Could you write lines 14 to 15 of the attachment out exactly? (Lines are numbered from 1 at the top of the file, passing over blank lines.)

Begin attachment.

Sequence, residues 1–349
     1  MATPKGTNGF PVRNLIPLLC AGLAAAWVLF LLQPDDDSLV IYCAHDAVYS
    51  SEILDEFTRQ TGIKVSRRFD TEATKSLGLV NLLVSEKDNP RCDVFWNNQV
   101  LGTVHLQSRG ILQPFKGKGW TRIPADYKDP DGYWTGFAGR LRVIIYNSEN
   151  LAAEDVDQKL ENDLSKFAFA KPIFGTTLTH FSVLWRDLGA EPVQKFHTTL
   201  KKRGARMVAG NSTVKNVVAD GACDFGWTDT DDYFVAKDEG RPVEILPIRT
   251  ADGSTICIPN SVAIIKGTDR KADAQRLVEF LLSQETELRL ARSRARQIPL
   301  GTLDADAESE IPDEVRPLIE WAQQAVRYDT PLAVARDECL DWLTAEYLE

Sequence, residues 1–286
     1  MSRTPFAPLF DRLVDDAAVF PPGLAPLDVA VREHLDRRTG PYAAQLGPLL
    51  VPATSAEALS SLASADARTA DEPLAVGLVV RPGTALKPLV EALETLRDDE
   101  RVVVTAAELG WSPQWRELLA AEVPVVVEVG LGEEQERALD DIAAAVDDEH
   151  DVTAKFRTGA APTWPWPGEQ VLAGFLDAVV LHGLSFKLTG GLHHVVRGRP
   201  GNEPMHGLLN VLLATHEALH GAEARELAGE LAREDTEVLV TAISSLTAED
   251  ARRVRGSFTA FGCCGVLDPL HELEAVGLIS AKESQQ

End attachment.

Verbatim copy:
   201  GNEPMHGLLN VLLATHEALH GAEARELAGE LAREDTEVLV TAISSLTAED
   251  ARRVRGSFTA FGCCGVLDPL HELEAVGLIS AKESQQ